EMMA ALBERICI: Now to discuss one of the biggest weeks in federal politics for some time we were joined earlier from Canberra by the Minister for Trade Craig Emerson and from Melbourne by the Manager of Opposition Business Christopher Pyne. Gentlemen, welcome to Lateline.
CRAIG EMERSON: Thank you.
CHRISTOPHER PYNE: Good to be with you Emma.
ALBERICI: Now, this is question for both of you and perhaps I'll start with you Craig Emerson. How in good conscience did you leave the Parliament this week for a six week recess without having resolved this critical issue of asylum seeker policy?
EMERSON: We need a majority of the Parliament in order for legislation to pass and we could not get that majority. We tried everything. We won't agree to a policy of towing boats out to sea into Indonesian waters; that would destroy cooperation with Indonesia. It is very dangerous and we won't agree with that sort of policy. But we did try various options. We said we would reopen Nauru. The Coalition is saying “no, you must not proceed with Malaysia because it is a non-signatory.” By the way, Indonesia is a non-signatory, but it's all right from the Coalition's point of view to tow boats back to sea into Indonesian waters. Somalia on the other hand is a signatory nation, so the Coalition's okay about a processing centre in Somalia but not in Malaysia.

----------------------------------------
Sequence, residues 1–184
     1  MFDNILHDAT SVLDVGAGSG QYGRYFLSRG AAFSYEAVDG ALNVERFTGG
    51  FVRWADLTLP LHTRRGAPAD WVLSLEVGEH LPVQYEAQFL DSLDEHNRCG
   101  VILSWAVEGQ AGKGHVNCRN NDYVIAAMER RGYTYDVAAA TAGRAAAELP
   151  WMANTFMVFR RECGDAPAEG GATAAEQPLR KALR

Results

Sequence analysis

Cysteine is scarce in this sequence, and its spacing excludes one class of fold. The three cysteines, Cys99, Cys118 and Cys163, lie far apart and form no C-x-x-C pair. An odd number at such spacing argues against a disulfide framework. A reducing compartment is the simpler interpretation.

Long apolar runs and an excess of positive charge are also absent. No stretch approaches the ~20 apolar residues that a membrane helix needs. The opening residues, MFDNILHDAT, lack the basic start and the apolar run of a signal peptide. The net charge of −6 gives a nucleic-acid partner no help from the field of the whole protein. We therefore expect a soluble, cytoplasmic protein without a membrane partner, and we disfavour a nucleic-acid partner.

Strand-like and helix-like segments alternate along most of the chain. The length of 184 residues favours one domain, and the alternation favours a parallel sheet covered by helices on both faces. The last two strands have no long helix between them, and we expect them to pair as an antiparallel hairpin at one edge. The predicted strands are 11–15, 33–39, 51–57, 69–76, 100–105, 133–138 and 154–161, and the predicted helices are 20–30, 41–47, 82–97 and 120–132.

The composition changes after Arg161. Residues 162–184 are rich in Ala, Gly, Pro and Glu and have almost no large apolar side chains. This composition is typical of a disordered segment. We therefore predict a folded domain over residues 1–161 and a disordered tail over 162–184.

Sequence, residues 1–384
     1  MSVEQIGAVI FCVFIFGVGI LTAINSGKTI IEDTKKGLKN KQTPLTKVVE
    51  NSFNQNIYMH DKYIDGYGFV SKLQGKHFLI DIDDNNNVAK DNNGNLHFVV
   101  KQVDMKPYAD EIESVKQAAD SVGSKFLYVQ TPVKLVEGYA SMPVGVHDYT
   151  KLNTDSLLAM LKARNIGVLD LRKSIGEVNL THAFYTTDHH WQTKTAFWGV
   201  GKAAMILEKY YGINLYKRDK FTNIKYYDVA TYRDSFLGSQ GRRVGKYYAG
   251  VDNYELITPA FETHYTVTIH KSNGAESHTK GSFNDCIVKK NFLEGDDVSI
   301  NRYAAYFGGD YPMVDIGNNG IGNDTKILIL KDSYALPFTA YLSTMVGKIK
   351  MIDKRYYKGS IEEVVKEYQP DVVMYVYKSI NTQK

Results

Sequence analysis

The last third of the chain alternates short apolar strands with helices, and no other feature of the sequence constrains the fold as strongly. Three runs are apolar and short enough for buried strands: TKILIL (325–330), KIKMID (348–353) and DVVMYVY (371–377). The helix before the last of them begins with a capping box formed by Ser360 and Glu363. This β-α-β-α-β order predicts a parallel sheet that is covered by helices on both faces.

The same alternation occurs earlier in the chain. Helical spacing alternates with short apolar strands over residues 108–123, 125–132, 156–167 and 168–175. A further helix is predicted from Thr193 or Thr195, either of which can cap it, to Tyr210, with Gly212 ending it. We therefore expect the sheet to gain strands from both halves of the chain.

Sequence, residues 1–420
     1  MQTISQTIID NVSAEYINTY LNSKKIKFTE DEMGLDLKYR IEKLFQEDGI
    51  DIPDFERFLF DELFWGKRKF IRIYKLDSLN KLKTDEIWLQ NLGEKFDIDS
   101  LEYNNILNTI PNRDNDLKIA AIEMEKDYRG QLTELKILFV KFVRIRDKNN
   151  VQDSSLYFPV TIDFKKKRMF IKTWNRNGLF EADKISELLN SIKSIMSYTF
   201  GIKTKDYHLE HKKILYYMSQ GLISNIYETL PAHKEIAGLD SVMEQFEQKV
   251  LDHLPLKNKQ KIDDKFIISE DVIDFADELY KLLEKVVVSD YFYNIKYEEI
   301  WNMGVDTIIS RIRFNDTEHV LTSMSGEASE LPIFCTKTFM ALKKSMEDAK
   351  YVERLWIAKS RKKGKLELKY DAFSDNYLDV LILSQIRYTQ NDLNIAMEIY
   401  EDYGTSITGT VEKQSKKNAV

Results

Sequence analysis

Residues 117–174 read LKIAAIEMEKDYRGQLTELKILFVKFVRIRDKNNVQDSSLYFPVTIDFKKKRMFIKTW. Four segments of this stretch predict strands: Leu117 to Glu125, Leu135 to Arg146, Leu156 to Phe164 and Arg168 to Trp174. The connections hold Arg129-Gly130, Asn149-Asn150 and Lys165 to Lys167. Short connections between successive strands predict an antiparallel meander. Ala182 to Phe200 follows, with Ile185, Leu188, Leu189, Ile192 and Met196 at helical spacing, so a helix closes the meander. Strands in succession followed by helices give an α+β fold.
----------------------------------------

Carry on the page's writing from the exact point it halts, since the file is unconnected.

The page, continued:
So it reached levels of absurdity. We couldn't get the Greens to support any position; we could not get the Coalition to do it. We don't walk away from this with any joy, with any pleasure, and that's why we're setting up this committee of three eminent Australians to advise us before the resumption of Parliament of any other options that might be available.
ALBERICI: Christopher Pyne, we hear now reports this afternoon that Tony Abbott has said that regardless of what this committee of three eminent Australians comes back with, your party won't support them. Is that correct?